Disagreement is patent, but its source almost always is obscure, buried in a large variety of unarticulated assumptions about law or art or literature or history that rarely surface and that can be explained only as the upshot of some combination of inherent taste, training, acculturation, allegiance, and habit. No wonder we speak so naturally of just „seeing” a poem or a picture one way or another: that is often and inescapably how the judgment feels. Of course, it seems arrogant to thoughtful people to insist that there is then one exclusive truth about the interpretative issue in hand, that those who do not see the statute or painting as they do are simply in error. It seems more realistic and modest to say that there is no one right interpretation but only different acceptable or responsible ones.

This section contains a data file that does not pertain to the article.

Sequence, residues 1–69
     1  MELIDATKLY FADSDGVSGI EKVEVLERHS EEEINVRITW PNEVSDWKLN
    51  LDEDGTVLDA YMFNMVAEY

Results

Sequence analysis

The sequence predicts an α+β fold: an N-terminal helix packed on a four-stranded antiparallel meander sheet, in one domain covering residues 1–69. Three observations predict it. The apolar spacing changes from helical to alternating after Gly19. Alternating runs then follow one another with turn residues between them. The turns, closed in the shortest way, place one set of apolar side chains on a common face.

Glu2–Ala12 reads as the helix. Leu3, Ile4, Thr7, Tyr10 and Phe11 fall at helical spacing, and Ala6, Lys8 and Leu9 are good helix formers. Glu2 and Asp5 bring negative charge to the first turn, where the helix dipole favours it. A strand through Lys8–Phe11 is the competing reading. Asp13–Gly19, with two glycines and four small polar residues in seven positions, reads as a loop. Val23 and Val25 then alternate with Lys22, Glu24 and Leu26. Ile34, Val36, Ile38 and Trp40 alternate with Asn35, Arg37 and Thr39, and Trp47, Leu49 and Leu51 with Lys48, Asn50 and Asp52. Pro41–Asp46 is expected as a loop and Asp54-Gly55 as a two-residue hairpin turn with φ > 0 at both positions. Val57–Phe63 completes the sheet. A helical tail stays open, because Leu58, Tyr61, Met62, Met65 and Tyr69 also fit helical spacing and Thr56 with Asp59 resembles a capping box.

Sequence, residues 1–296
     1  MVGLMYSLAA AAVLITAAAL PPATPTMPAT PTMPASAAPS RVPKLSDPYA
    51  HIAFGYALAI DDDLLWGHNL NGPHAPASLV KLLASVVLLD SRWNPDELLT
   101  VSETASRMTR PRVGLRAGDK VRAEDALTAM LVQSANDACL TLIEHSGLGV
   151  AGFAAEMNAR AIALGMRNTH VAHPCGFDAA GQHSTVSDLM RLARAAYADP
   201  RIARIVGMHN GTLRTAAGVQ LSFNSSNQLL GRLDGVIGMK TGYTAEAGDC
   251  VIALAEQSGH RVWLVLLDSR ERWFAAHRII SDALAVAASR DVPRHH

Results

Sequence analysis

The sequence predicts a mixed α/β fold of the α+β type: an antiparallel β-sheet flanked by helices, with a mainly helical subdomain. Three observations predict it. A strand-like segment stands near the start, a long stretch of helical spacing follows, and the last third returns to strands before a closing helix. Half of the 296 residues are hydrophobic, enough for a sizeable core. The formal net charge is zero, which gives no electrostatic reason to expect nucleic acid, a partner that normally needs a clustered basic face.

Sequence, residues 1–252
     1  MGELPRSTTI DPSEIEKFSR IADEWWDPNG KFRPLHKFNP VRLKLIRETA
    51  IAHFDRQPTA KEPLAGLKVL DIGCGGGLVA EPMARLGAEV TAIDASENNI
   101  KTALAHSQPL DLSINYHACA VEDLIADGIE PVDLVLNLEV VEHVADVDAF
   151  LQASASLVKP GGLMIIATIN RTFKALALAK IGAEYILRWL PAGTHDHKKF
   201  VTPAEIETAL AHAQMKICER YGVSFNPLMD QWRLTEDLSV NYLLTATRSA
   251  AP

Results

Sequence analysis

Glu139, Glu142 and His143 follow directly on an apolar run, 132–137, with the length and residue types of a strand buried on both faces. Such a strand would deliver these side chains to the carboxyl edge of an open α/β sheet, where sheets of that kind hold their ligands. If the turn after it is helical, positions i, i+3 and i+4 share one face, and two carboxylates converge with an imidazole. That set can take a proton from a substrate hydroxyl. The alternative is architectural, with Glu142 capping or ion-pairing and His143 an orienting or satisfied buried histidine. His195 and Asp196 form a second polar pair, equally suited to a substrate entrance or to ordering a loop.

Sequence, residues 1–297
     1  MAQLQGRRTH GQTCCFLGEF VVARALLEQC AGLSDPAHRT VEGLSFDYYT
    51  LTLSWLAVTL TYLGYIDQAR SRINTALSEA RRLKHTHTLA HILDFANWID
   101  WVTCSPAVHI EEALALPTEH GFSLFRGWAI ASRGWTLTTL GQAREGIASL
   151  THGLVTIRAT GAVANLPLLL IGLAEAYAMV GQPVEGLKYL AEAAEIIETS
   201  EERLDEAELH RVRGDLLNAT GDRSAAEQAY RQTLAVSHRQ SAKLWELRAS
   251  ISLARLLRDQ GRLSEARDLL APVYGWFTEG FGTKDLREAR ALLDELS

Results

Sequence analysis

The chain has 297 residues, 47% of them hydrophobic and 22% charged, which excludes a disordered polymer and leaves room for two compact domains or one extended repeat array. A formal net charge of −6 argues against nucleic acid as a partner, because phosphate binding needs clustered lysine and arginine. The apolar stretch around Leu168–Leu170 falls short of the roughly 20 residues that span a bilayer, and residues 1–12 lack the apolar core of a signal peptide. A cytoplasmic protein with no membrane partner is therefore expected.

And yet this is exactly what we must not say if we are honest, because it is not what we believe or can believe. To repeat: (…) a judge who sends someone to jail on an interpretation of the law he believes no better than, but only different from, rival interpretation should be jailed himself.
(Interpretation in General în Justice for Hedgehogs, Harvard University Press, 2011, la pp. 150-1)